Ariane 5 rocket trucks four spacecraft into orbit
BY JUSTIN RAY
Posted: February 12, 2009
Beginning another busy year of transporting satellites from Earth to space, the commercial Ariane 5 rocket successfully launched two communications spacecraft and a pair of military payloads this evening.
Continuing its string of consecutive successes over the past six years, the rocket first deployed Hot Bird 10, a powerful new direct-to-home TV satellite for Europe, then released the NSS 9 telecommunications spacecraft to bridge the Pacific and later ejected two missile-warning micro-sats for the French military.
"I'm absolutely delighted to be able to share with you this new success," said Jean-Yves Le Gall, chairman and CEO of Arianespace. "This success goes to show that Ariane 5 ECA, which is a combination of power and dependability, is capable of 29 successful launches in a row."
Paris-based satellite operator Eutelsat plans to temporarily park Hot Bird 10 in geostationary orbit at 7 degrees West longitude where it will replace the decade-old Atlantic Bird 4 spacecraft for broadcasting TV programs to the Middle East.
"Hot Bird 10 is being launched well before the start of its commercial mission at 13 degrees East, and that's why we decided that in the meantime it will contribute to our expansion into immerging orbital slots for television distribution," said Raphael Mussalian, the satellite's mission director.
Built by EADS Astrium using the Eurostar E3000 platform, Hot Bird 10 is equipped with 64 Ku-band transponders for relaying transmissions directly to small dishes at users' homes.
Once Hot Bird 10 enters service at 13 degrees East in about 18 months, it will free up the Hot Bird 6 spacecraft for future redeployment elsewhere in Eutelsat's expansive constellation.
The new NSS 9 satellite will operate 22,300 miles above the equatorial Pacific Ocean at 177 degrees West longitude to connect communications between Asia and North America for government, commercial and maritime customers.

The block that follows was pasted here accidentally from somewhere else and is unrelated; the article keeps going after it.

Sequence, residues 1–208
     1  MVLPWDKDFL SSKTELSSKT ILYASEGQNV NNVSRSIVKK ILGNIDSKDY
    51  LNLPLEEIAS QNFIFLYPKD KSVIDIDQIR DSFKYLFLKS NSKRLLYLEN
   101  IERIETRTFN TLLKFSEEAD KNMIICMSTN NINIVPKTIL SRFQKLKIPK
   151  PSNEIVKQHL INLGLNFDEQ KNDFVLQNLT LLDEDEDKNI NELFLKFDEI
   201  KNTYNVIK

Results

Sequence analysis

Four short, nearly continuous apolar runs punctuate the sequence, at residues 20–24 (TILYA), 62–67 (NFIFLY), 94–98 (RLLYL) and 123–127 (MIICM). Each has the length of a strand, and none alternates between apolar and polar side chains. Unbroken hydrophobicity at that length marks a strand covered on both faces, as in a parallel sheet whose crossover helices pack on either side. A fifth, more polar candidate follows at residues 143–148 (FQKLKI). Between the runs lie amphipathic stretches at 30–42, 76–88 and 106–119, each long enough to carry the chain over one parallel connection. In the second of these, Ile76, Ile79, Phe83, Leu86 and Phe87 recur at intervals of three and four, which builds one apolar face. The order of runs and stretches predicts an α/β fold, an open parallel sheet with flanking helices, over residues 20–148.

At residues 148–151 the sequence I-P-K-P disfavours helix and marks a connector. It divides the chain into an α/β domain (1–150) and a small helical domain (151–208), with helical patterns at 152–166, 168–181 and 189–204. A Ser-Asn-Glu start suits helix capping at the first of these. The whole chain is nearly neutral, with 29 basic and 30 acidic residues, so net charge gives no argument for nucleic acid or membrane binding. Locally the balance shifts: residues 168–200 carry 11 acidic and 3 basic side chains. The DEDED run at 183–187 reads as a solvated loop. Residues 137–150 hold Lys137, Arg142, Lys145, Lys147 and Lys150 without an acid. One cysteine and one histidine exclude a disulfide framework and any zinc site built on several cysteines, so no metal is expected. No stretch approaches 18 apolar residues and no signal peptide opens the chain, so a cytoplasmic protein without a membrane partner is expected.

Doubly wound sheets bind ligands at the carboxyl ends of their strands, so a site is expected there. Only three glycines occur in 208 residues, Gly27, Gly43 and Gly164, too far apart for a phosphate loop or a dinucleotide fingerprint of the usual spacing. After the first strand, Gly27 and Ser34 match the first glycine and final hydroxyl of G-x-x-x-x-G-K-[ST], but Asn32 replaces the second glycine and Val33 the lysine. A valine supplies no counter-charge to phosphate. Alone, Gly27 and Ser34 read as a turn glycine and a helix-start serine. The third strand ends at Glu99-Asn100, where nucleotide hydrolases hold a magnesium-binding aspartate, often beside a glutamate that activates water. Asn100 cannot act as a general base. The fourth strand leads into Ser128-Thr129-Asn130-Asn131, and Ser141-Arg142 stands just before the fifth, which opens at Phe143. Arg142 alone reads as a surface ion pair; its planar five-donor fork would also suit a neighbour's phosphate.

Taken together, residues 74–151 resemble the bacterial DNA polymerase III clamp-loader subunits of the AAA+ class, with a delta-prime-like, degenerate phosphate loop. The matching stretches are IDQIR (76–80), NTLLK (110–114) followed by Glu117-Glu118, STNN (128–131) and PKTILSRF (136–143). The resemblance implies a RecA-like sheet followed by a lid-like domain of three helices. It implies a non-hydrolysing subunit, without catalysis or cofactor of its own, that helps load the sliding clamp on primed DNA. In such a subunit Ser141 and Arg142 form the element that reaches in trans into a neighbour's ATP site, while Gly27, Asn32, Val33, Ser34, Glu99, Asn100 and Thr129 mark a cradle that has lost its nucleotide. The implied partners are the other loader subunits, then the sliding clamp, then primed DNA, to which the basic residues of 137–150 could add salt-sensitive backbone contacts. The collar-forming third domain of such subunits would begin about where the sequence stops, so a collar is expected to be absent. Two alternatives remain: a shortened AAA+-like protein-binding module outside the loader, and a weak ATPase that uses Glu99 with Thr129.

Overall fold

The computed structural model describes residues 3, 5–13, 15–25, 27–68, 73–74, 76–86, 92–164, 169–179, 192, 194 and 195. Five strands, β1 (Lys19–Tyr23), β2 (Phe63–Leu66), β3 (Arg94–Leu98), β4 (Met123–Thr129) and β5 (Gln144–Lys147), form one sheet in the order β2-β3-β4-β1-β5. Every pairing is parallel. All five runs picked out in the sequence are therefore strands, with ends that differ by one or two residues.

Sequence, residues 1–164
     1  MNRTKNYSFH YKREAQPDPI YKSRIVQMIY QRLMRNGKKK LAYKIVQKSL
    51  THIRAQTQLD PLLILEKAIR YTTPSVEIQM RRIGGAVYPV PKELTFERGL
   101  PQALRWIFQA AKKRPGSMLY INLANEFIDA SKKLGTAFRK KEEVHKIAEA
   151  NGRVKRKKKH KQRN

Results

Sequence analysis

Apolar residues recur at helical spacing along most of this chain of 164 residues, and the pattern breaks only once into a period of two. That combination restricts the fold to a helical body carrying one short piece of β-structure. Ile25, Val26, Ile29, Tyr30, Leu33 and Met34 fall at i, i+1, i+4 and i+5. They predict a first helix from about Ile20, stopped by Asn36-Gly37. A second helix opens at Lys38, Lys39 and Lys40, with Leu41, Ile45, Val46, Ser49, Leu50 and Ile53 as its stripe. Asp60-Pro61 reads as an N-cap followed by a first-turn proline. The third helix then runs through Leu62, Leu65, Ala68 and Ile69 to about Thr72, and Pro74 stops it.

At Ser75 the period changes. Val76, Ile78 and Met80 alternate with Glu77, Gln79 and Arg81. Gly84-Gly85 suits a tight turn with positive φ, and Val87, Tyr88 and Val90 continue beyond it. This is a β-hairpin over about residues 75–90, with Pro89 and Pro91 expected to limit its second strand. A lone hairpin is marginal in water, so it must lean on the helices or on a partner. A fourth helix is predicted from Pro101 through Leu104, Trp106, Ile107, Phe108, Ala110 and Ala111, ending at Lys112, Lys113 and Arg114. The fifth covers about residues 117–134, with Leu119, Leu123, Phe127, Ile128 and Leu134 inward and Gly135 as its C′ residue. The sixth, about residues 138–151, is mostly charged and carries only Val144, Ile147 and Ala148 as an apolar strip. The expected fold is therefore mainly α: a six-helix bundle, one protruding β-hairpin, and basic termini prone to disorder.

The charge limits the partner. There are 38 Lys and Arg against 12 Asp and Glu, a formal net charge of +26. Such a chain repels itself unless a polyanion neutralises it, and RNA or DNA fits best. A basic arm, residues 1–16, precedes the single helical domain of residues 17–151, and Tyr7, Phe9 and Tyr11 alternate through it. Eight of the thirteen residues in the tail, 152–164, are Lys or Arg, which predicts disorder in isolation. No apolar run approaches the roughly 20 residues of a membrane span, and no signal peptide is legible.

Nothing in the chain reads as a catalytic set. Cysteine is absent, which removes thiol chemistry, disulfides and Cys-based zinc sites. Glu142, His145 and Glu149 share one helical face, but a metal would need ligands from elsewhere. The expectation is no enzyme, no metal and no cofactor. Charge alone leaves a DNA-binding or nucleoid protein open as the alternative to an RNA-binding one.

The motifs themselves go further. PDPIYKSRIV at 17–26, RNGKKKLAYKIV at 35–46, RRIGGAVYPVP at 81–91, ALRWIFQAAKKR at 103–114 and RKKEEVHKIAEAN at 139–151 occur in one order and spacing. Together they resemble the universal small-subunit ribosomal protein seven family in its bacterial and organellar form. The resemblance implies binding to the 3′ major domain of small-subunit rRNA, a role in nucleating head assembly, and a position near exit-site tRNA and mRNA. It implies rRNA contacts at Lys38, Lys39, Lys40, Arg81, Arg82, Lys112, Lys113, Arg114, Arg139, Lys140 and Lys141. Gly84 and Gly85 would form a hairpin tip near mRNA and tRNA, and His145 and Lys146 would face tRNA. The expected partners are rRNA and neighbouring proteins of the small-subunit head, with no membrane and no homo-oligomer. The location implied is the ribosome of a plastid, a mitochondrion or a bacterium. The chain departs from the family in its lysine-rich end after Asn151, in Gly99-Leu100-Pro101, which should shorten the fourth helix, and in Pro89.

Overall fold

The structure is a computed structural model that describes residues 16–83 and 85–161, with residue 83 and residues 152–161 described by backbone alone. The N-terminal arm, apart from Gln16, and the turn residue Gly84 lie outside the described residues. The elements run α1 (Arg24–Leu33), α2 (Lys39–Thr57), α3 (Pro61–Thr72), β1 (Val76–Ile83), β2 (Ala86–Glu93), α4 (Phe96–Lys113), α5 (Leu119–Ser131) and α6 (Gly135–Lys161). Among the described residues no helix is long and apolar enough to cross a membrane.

"From this location, New Skies 9 will provide connectivity between all of the major Pacific Rim locations, as well as the west coast of the United States," said Robert Bednarek, president and CEO of SES New Skies and SES AMERICOM.
"New Skies 9 will be well positioned to serve customers in the government, telecom and media sectors supporting applications as diverse as voice, internet trunking, video distribution, along with a range of other communications services," Bednarek said.
Operator SES New Skies of The Hague, The Netherlands bought the new craft, which is built around a smaller satellite design, from Orbital Sciences to replace its NSS 5 bird that was launched more than 11 years ago.
"New Skies 9 is the first satellite in a series of three to be launched in 2009 as part of a significant fleet expansion program designed to extend our current services and bring additional capacity for the growth of our customers throughout the world," Bednarek added.
Hitching a ride into space with Hot Bird 10 and NSS 9 were the tiny SPIRALE micro-satellites for the French military.
These two trailblazer craft, known as SPIRALE A and SPIRALE B, will test a space-based optical early warning system to detect enemy missile launches. The name comes from the French acronym for "Preparatory System for IR Early Warning."
Flying in a highly elliptical orbit of 22,300 by 375 miles, the cube-shaped micro-sats will take infrared imagery to spot ballistic missiles during their boost phase of flight.
A future operational program could serve security and proliferation monitoring roles.
"With the early warning system, France is taking a major step forward enabling it to assess, as a sovereign state, the nature and reality of ballistic threats and possible attacks," said Patrick Auroy of the French Defense Procurement Agency.
Next up will be Arianespace Flight 188 on April 16 to dispatch a pair of scientific spacecraft for the European Space Agency. The Herschel infrared space telescope will probe the formation of stars and galaxies and the Planck observatory will look for the leftover radiation from the Big Bang that started the Universe.
Both satellites were headed to the Ariane launch base this week to begin final pre-flight preparations.